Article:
We suggest that there should be an increase in the age for compulsory attendance in school. At the present time in Manitoba, with the exception of Winnipeg, that age is 14. It should be increased at least to 16. There are something like 1200 young people in Winnipeg alone who come onto the labour markets every year. In line with what I said a few moments ago, we should give much greater assistance in the construction of new schools, -- not only secondary but elementary schools and that some of the older schools should be torn down and replaced. We should initiate discussions with the municipalities. It's time and long overdue when there's another provincial-municipal conference particularly to deal with the public works that could be carried out.

And another thing that we have requested over and over again -- that this government should initiate conferences with business concerns, with industries who are interested in avoiding seasonal unemployment, -- and that is not merely confined to the construction industries because there are many other industries where the employment is seasonal, -- where they could be fitted in and where they could be complementary to each other, and these conferences should include the economists that may be available, the engineers, the architects, the public works officers of the provincial government and the municipalities. And even now, as I have said before, there is a great need for roads, and drainage and bridges, etc., particularly in the Interlake country that has been mentioned by our colleague from Fisher. And, if it should develop, as a result of experience that new industries can be located which would be useful industries and that private capital is not available then we should use public funds and start those industries up under public ownership. Then, of course, I think I have mentioned before, the need to increase consumer purchasing power, in the increase in wages, the reduction in the work week, longer vacations, the maintenance of income through periods of illness and so on.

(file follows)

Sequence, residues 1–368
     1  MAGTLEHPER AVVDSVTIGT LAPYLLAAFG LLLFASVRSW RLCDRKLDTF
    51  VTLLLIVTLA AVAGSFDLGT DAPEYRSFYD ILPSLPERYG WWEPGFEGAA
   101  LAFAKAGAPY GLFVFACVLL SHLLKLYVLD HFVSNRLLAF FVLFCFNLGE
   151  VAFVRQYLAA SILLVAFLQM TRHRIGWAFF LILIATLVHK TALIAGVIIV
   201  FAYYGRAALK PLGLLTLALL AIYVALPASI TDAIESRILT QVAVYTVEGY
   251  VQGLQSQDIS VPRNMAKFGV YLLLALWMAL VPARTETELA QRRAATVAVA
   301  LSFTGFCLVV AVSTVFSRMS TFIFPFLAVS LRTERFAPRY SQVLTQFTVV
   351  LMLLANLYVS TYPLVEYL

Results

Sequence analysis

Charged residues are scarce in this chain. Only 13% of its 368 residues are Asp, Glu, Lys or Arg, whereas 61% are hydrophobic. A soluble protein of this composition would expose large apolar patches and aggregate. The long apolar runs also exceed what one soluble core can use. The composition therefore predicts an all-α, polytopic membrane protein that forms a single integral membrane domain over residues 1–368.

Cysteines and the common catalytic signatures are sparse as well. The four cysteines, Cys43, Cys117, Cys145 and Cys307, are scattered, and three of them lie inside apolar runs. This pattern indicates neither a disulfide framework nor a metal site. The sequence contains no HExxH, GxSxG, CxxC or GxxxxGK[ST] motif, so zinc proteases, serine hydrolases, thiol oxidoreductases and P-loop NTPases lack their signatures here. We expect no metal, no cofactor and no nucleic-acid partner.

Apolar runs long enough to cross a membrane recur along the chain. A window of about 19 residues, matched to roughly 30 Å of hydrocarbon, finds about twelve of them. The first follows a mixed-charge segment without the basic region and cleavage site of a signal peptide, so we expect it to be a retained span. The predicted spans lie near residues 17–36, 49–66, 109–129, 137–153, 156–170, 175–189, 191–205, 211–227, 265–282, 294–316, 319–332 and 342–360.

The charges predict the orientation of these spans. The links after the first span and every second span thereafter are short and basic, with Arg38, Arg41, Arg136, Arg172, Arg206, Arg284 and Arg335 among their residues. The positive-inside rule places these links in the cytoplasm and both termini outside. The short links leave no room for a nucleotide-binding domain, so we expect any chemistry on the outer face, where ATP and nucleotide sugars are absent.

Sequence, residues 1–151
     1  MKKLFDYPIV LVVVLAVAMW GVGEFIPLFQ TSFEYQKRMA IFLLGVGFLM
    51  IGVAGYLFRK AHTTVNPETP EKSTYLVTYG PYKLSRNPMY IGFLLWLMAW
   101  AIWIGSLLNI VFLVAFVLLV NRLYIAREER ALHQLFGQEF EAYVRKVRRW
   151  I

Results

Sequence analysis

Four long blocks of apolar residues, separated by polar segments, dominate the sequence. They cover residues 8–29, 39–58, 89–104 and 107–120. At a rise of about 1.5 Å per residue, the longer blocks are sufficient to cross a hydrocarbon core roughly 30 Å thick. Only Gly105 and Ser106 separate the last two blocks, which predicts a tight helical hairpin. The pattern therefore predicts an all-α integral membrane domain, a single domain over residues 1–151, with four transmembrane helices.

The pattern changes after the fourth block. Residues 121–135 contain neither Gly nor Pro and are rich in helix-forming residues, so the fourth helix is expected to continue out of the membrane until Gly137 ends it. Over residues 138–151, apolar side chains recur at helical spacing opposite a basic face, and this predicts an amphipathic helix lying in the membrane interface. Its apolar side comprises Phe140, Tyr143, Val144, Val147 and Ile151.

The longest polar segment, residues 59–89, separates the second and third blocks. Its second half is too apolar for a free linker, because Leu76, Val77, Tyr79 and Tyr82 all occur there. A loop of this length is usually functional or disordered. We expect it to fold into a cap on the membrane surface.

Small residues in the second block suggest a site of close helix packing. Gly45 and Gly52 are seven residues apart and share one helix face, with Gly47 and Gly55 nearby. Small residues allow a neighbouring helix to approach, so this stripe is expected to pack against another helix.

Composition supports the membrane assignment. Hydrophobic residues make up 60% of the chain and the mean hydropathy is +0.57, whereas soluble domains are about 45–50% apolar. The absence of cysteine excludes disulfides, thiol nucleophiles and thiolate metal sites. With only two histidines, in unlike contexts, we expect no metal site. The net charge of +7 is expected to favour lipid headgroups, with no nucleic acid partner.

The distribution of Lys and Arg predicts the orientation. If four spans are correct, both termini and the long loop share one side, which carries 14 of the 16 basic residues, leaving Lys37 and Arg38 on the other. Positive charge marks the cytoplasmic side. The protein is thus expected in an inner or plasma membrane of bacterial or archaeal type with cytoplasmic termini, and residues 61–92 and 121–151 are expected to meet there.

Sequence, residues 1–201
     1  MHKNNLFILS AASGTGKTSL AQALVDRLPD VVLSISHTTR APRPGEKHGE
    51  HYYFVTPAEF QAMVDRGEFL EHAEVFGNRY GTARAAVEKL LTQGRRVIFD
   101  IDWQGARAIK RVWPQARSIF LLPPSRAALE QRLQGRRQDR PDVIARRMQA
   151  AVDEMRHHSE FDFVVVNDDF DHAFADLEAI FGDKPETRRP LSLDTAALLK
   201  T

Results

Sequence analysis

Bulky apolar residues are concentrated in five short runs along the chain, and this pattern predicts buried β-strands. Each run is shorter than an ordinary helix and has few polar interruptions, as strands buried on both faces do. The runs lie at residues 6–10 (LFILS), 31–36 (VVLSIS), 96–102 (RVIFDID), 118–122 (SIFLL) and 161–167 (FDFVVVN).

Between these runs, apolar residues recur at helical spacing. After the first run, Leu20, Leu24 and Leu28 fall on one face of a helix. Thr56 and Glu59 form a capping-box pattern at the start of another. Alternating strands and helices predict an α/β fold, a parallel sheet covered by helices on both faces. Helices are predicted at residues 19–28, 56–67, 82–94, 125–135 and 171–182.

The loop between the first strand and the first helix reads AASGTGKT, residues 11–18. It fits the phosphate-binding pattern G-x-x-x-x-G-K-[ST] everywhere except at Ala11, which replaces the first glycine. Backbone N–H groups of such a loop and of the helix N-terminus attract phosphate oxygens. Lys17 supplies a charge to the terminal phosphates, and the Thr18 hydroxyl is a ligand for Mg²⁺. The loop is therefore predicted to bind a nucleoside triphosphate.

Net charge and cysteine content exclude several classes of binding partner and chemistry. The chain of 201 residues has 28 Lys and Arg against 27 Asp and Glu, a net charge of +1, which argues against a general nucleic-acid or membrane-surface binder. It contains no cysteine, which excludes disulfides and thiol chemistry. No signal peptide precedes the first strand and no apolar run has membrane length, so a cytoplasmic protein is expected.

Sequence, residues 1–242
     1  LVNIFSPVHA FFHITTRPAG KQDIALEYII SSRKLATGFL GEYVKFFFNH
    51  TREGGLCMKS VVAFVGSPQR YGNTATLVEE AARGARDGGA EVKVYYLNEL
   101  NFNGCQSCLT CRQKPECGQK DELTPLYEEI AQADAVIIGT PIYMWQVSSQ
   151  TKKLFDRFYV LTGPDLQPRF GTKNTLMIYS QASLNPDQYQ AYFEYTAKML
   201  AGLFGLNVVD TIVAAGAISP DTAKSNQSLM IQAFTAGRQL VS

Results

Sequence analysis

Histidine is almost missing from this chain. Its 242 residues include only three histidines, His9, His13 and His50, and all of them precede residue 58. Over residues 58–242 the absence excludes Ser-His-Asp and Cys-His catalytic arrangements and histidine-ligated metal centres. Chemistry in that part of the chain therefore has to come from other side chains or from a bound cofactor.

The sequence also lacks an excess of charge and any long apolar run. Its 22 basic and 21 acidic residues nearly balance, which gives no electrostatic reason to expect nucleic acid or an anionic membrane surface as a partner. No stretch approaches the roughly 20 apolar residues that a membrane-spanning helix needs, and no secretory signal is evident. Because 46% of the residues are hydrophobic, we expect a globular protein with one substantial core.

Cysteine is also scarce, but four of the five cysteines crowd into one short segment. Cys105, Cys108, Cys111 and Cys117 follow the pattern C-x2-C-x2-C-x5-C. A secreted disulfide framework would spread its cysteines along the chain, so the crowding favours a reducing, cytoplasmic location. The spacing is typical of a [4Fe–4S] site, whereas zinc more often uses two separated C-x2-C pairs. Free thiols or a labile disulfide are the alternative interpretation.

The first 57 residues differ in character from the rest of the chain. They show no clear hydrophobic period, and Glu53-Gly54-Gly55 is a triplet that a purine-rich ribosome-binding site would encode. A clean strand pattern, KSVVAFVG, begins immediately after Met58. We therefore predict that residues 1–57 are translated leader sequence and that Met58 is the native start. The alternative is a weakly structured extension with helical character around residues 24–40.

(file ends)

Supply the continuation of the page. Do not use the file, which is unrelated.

So, Mr. Speaker, again I want to quote the portion of the resolution that in the opinion of this House, the government of Manitoba should urge upon the government of Canada, the imperative need for immediate and effective action in conjunction with provincial and municipal governments to assure that through the medium of public works, fiscal, financial, and educational policies, there shall be useful and productive employment for every person able and willing to work, in every part of Canada. And I can assure you, Mr. Speaker, that if this government does take the initiative in this line; if this government will take the line of action that is suggested that it will be doing a service, a great service to all the people of Canada.


DR. W. G. MARTIN (St. Matthews): Mr. Speaker, I beg to move, seconded by the Honourable Member from Winnipeg Centre, that the debates be adjourned.

[Mr. Speaker presented the motion and after a voice vote declared the motion carried. ]

MR. SPEAKER: The Honourable Member for Rockwood-Iberville.

MR. R. W. BEND (Rockwood-Iberville): Mr. Speaker, I beg to move, seconded by the Honourable Member for Ethelbert, resolved that this House request the government of the Province of Manitoba to consider the advisability of rescinding the present secondary school construction grant formula and replacing it by one that will provide from the consolidated revenues of the Province of Manitoba 75% of construction costs of all secondary schools within any division.

MR. W. C. MILLER (Rhineland): I might advise the House that it is my intention to not accept this resolution on the grounds of anticipation. I might say that it's mentioned in the Throne Speech debate announcement of increased grants for the educational system which would very well include capital grants structure of the government. The honourable member, of course, can make his speech on the Throne Speech debate but the rule of anticipation is that two debates on the one question is covered by our rule No. 31 and the rule reads as follows: "No member shall revive a debate already concluded during the Session or anticipate a matter appointed for consideration on which, or if which notice has been given". That's Rule 31 of our own Legislature and, Sir T. Erskine May's parliamentary practice also extension on page 403, "a motion may not be anticipated a matter already appointed for consideration of the House, whether it is a bill, or an adjourned debate upon a motion". And Beauchesne's Parliamentary rules and orders, third edition, citation 182, also states "determination where the discussion is out of order on the grounds of anticipation regard shall be had by Mr. Speaker the probability of the matter being anticipated and brought before the House within a reasonable time. The anticipation rule which forbids discussion on the matters pending on the order paper being forestalled, depended on the same principle as that which provides the same rule being twice read in the same Session". I would invite debate on that.